Why do aircraft accidents get so much media coverage?

It is because the news only reports unique events such as "Man bites dog". Auto accidents happen frequently so they are not newsworthy. Airline accidents are so rare that the news jumps all over a story like that. When the news media stops covering airline accidents that means they have become commonplace.

Unfortunately, the media sensationalizes stories about air disasters. This has conditioned people to be afraid of flying. It is difficult to ignore the headlines that follow an incident, and often their reports are inaccurate. The media is in a rush to be the first to report, so they often rush to inaccurate conclusions.

I am probably naive, but I assume the media is fairly accurate in most of their reporting. Then I read a subject in which I have some expertise and am amazed at the errors. Have you read articles in the paper dealing with your industry or profession? The news media tries, but generally does a poor job of getting all of the facts straight. They can't be experts about everything, and aviation is a complex subject. An excellent publication for getting no nonsense information about aviation is Aviation Week & Space Technology magazine.

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 Airline & Airport Security - Fear of Flying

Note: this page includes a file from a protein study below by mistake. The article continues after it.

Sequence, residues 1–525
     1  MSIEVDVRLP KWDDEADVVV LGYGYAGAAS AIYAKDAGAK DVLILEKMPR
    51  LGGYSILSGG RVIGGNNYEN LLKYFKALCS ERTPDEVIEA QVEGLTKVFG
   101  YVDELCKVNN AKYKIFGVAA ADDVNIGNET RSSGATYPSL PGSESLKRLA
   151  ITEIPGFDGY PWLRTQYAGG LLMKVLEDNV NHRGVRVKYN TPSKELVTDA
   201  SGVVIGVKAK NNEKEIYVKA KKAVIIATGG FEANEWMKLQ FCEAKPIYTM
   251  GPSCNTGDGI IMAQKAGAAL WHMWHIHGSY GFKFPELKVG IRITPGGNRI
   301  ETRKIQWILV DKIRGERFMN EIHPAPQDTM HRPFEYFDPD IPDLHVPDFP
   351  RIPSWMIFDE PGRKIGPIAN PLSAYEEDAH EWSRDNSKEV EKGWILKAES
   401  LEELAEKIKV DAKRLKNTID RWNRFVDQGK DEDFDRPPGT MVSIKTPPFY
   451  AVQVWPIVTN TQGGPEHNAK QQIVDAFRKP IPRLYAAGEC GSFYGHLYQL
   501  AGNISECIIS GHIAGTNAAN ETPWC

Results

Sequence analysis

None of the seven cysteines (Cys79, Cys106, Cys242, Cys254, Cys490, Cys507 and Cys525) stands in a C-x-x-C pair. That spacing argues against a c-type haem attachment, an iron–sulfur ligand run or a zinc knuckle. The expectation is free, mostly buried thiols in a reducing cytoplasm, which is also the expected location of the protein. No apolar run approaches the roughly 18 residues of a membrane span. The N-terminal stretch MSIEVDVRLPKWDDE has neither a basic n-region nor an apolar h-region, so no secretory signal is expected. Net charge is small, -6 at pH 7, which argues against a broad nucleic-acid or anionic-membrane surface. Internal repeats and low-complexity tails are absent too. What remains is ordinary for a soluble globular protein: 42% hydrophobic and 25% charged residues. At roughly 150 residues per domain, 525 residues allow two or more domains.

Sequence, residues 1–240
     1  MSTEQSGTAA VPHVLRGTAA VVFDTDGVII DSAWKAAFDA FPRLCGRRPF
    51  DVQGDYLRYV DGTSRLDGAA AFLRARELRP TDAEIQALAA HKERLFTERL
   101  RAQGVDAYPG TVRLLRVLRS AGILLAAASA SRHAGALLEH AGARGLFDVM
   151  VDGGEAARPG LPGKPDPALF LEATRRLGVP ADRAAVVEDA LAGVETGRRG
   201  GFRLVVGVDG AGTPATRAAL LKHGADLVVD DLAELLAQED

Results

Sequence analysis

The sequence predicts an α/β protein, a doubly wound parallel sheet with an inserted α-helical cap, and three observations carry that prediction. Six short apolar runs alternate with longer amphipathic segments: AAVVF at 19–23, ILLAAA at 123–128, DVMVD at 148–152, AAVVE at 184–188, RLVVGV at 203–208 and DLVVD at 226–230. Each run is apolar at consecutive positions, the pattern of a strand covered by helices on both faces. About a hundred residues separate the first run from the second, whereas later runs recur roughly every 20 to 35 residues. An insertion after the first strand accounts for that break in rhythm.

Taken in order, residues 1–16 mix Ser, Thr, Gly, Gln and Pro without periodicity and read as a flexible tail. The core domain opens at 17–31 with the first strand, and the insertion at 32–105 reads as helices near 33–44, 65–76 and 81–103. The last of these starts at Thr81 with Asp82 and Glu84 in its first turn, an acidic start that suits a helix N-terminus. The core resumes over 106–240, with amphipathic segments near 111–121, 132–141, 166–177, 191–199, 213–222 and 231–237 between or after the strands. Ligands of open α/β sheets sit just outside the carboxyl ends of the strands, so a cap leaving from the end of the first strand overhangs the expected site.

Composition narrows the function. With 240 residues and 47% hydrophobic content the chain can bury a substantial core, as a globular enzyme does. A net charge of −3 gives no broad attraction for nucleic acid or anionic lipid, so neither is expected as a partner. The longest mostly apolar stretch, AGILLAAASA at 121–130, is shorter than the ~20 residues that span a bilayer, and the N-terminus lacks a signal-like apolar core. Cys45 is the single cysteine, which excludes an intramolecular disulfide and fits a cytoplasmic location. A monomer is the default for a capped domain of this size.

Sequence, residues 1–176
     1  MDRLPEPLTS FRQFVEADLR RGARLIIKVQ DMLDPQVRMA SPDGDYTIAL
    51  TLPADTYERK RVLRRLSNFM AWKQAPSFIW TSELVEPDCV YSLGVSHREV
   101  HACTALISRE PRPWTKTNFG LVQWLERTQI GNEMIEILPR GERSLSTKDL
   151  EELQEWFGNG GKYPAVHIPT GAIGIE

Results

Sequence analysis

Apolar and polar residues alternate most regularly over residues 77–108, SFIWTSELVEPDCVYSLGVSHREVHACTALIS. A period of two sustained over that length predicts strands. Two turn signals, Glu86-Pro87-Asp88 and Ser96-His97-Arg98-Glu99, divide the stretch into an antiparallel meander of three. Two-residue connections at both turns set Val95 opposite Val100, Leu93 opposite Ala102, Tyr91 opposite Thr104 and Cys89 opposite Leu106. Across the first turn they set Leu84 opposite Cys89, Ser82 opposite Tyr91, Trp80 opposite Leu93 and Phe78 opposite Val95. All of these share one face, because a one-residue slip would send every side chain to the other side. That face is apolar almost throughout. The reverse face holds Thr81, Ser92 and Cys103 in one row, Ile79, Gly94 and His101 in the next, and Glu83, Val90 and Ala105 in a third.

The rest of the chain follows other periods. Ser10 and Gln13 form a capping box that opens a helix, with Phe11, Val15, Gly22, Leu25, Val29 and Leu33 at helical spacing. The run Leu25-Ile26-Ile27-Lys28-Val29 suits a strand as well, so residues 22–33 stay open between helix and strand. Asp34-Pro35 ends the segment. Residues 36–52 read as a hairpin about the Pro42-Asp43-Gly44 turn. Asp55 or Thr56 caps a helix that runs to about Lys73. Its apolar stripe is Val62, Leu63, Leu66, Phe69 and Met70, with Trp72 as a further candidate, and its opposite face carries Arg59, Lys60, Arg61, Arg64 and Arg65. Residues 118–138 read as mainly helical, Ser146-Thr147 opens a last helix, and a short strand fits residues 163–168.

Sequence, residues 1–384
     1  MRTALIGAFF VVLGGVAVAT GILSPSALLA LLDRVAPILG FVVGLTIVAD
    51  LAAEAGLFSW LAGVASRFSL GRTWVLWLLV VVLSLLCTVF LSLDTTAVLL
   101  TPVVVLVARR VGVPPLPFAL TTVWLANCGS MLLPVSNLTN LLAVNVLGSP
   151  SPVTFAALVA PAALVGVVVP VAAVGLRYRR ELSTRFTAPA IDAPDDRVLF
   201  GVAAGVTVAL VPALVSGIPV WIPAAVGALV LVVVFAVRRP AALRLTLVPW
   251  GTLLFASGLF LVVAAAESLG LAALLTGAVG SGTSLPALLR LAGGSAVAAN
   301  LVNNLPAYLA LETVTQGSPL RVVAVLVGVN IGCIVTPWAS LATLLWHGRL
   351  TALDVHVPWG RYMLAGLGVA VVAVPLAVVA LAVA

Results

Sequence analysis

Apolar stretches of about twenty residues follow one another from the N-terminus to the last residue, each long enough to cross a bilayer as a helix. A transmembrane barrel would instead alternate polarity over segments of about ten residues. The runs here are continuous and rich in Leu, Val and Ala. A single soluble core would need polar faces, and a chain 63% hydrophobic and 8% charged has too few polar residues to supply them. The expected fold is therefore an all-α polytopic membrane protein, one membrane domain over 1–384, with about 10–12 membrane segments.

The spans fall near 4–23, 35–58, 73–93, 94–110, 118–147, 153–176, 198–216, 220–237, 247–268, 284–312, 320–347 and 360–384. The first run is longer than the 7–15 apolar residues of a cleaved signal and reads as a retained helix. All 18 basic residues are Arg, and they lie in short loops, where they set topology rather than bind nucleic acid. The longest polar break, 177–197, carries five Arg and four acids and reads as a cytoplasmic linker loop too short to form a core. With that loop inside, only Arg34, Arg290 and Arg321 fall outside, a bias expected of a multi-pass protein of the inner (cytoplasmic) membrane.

Terrorism and Hijackings

The nation's airline pilots and flight attendants are very involved in the new security procedures. The Transportation Security Administration (TSA) has developed standardized security screening procedures for all airports. The TSA has established layers of security to ensure our safety.

Authorities are going to great lengths to keep our flights safe. Passenger lists are now closely scrutinized and if there are any doubts or if there have been intelligence suggesting a particular flight is at risk, it is cancelled. Everyone on the airplane knows they are being watched carefully for any unusual behavior. And they are being watched by not only the flight crew and anonymous Federal Air Marshals, but by other passengers as well.

    The TSA Security System Includes:
  • • Thousands of federal air marshals flying on tens of thousands of flights each month.
  • • More robust passenger pre-screening systems and 100% screening of checked baggage.
  • • Better airport perimeter security and reinforced cockpit doors.
  • • Dedicated screeners trained and deployed to all commercial airports.
  • • All unoccupied/unidentified vehicles will be removed from in front of terminal areas
  • • Thorough aircraft searches will be performed prior to boarding any passengers.
  • • Armed pilots and crew members trained in self defense.